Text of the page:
The solar boom needed for net zero could itself present another global warming risk.

A new analysis suggests the solar panel market could demand close to half the world's aluminium by 2050.

Aluminium is the most abundant metal on Earth, but the production of material pure enough to be used in solar panel frames brings a huge energy cost, which could translate to bulk emissions.

Solar panels are predicted to provide about a third of the world's total electricity demand by 2050 - a big increase from the 2 per cent of global electricity that came from solar in 2019. 

“This represents an enormous manufacturing task that will create a demand for a variety of minerals,” according to a new paper by photovoltaics researchers led by Alison Lennon from the University of New South Wales (UNSW).

On current trends, more than 40 per cent of the world's current aluminium production would be required to mount and install solar panel arrays.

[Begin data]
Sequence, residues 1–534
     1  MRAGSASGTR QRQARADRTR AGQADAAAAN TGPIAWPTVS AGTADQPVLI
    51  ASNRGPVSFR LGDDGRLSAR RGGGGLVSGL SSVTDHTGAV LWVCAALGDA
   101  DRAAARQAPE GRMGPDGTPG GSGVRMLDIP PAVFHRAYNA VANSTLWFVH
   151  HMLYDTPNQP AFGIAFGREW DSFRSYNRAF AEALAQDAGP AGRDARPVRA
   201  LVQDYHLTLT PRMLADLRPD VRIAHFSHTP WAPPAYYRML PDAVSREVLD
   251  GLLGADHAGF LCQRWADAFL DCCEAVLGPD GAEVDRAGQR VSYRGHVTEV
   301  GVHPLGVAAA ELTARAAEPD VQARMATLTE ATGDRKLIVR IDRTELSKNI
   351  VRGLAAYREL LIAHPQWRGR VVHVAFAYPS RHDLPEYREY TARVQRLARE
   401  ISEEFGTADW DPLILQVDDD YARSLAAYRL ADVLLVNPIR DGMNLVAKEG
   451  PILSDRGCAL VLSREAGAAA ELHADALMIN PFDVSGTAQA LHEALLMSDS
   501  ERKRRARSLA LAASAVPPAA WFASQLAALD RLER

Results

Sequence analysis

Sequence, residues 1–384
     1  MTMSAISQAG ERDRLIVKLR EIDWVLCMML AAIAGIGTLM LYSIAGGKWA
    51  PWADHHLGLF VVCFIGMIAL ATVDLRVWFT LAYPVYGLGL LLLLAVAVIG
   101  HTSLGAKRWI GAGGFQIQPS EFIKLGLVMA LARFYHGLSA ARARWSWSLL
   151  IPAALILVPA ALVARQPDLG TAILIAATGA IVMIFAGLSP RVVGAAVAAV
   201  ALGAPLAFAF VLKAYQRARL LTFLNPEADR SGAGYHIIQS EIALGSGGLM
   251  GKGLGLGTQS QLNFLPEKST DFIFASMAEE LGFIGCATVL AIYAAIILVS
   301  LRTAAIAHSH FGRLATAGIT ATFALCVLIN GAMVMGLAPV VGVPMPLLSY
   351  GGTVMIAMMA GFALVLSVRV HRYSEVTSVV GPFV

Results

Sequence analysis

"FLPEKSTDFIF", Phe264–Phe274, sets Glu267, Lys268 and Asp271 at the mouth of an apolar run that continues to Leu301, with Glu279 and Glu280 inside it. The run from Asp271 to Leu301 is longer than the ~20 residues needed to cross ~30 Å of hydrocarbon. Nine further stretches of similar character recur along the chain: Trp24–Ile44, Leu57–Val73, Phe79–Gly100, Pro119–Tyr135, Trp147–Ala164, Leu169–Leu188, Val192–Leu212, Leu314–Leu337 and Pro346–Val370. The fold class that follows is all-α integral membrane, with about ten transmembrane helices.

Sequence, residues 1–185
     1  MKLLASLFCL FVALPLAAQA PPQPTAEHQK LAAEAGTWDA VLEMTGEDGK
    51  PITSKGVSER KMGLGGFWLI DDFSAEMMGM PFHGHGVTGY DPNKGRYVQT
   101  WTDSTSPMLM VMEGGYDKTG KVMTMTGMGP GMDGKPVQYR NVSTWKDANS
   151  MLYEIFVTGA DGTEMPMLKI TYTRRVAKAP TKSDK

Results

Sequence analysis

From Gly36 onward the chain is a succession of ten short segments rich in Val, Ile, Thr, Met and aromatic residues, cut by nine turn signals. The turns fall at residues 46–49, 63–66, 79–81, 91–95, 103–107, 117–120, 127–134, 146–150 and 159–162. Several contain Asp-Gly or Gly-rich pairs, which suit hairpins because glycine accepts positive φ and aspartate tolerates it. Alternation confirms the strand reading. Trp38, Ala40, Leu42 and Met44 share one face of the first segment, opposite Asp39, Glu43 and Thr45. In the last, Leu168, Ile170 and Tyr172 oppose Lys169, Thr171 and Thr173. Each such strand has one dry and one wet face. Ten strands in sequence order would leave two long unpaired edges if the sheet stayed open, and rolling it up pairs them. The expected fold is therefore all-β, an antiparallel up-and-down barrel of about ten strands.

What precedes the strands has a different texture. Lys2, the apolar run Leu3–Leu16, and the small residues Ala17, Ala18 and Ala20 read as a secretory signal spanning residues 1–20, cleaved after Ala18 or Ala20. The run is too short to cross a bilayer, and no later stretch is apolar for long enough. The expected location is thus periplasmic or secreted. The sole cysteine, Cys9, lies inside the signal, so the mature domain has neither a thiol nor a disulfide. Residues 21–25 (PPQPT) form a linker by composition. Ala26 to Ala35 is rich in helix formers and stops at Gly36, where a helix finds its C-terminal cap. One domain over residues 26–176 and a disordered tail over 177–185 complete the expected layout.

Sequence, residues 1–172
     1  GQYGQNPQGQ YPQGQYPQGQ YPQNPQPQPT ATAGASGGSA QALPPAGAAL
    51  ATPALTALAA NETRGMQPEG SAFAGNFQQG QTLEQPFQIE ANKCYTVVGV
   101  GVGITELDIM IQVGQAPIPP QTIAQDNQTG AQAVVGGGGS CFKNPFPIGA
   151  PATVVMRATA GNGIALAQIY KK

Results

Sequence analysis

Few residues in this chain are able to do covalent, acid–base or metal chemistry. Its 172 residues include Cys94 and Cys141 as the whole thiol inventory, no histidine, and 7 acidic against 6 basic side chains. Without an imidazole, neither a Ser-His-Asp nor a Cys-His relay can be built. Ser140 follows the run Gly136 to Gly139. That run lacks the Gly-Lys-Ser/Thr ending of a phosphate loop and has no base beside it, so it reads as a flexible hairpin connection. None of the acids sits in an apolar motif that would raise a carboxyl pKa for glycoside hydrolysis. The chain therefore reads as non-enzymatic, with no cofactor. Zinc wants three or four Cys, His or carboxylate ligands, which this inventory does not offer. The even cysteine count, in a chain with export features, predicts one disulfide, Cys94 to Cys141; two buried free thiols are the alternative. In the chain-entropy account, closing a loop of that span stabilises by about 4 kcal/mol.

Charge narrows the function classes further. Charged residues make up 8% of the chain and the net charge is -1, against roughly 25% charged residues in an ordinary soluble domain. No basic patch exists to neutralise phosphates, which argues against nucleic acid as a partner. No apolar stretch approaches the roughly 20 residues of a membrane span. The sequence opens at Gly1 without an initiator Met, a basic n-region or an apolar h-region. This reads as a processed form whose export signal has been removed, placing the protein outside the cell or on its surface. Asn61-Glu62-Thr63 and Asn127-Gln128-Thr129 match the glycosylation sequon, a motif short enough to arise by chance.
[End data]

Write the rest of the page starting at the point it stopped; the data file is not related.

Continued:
“This escalation in demand does not include the use of aluminium in other clean energy technologies,” including wind turbines and electric vehicles, “which is also expected to increase, or its continued use for transportation and building infrastructure”, the researchers say. 

The production of aluminium is an extractive and energy-intensive process, requiring vast amounts of electricity used to power its production. Luckily, aluminium is one of the most recyclable materials around, and recycling it uses only a fraction of the energy required to make new supplies. 

The UNSW analysis looked at a range of scenarios for producing clean power in 2050. Under the ‘business as usual’ scenario, aluminium demand would add close to 4,000 megatonnes of CO2 to the atmosphere.

In the best-case scenario, emissions from aluminium production could be kept below on “ambitious target” of 1,500 megatonnes of CO2 by mid-century. This is the International Aluminium Institute's upper limit for keeping global heating below 2 degrees.

The researchers say this outcome will require industry and government take full advantage of recycled aluminium, preferably sourced from local producers in the countries where solar panels are installed.

Additionally, the decarbonisation of electricity grids that power aluminium smelters must occur in the next decade to keep emissions below 1,000 megatonnes of CO2 by 2050.

The experts suggest incentivising low-carbon production and building new facilities in renewable energy zones.

The study is accessible here.